Step 3. Give the Tenant a Chance To Resolve the Situation on Their Own

It's usually in everyone's interest for a conflict to be resolved amicably. Not only will it save you mental and emotional stress, but you also won't have to waste time taking more drastic action. Most importantly, resolving the situation in a friendly manner means everyone can save money. A lease termination letter from your property manager might be too vague and cold to work. Sometimes, all it takes is a mature personal conversation with your tenant.

Most state laws require property owners to notify tenants that they might get evicted if their behavior doesn't change. These written notices are called "Cure or Quit" or "Pay Rent or Quit." They give the tenant a chance to fix whatever is wrong. If the tenant doesn't cure within a certain time frame, the landlord can begin eviction proceedings. The other type of notice a landlord can give is called a "Vacate or Quit" notice. This notice simply warns the tenant that the landlord will begin eviction proceedings if the tenant doesn't move out on their own.

Some states have requirements regarding the format or delivery method of these notices. For example, some states might require the notice to be affixed to the tenant's door. Others may require that the notice be sent by certified mail. Be sure to check the laws of your state to make sure you're giving proper notice. Some states offer templates for 30-day notices to allow a landlord to terminate a month-to-month tenancy. There are different notice periods and ways to produce a notice of termination, so make sure you have the right paperwork.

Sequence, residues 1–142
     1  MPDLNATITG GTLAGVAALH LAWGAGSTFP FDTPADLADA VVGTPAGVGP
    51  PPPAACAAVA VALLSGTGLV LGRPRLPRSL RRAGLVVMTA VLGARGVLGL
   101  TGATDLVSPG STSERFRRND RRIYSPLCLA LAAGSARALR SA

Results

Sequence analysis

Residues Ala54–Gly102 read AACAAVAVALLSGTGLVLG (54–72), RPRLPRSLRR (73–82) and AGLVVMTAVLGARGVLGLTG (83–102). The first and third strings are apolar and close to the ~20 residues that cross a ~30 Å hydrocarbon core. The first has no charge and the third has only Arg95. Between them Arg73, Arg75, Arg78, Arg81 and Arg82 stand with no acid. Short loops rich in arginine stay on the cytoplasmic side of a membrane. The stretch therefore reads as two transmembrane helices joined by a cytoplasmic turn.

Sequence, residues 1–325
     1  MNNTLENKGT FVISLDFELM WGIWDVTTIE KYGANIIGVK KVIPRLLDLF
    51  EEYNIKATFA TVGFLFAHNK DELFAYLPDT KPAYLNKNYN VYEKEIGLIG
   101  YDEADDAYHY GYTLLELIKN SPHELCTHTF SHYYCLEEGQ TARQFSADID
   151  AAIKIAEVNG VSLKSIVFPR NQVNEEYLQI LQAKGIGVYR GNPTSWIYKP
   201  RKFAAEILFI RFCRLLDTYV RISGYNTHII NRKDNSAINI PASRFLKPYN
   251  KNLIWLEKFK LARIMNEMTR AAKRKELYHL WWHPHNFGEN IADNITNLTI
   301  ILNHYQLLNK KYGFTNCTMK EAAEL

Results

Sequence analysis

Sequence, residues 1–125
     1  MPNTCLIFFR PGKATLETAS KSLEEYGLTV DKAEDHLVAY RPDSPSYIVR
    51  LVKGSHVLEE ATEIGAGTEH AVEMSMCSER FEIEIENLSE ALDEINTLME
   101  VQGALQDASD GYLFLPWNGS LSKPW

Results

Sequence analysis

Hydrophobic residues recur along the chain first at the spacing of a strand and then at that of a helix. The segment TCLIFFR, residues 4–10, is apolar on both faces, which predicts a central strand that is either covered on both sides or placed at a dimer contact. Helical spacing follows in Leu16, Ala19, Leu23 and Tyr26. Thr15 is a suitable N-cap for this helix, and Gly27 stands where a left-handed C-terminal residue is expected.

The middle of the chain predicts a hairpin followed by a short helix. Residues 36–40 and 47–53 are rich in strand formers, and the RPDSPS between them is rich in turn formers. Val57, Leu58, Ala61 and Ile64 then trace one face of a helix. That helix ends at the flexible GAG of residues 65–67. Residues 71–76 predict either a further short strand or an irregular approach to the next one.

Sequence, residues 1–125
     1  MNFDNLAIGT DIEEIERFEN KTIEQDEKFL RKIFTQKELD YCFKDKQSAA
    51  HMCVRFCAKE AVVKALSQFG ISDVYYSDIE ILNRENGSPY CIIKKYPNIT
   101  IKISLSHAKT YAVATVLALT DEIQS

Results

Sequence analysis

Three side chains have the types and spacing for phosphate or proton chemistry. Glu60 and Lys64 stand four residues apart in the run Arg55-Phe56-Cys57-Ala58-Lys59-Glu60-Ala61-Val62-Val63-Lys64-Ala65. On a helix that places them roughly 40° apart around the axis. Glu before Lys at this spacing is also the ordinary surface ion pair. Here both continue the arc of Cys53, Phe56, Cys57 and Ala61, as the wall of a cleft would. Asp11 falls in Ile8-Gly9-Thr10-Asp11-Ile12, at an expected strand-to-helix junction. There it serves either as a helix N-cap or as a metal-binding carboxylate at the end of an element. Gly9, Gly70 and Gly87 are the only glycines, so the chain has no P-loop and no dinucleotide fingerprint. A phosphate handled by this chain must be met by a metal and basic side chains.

Step 4. Begin Eviction Proceedings

Assuming the tenant doesn't leave or cure the situation, the landlord can begin eviction proceedings. Most state courts have a simplified process for eviction proceedings so that landlords and tenants can handle it themselves. The landlord files a petition in court and attaches copies of the lease and any evidence against the tenant.

If the court rules for the landlord, the tenant will then have some time to leave on their own before the landlord can get local law enforcement to remove the tenant. Under no circumstance should the landlord remove the tenant by themselves. All such procedures must go through the court and local authorities.

You may be legally required to return some or all of your tenant's security deposit after evicting them. This will depend on whether you were allowed to make deductions based on damage or unpaid rents relating to the rental property. Most states require you to return the unused portion of the deposit within a set period.

For more information, see FindLaw's section on landlord-tenant law or check out the laws in your state.

A Landlord-Tenant Lawyer Can Help

If your tenant isn't taking the situation seriously, consider contacting a legal expert. You might want to have a lawyer send them a warning letter. If you need to escalate the situation further legally, consider hiring a landlord-tenant attorney. They can properly file the court papers required to complete the eviction appropriately.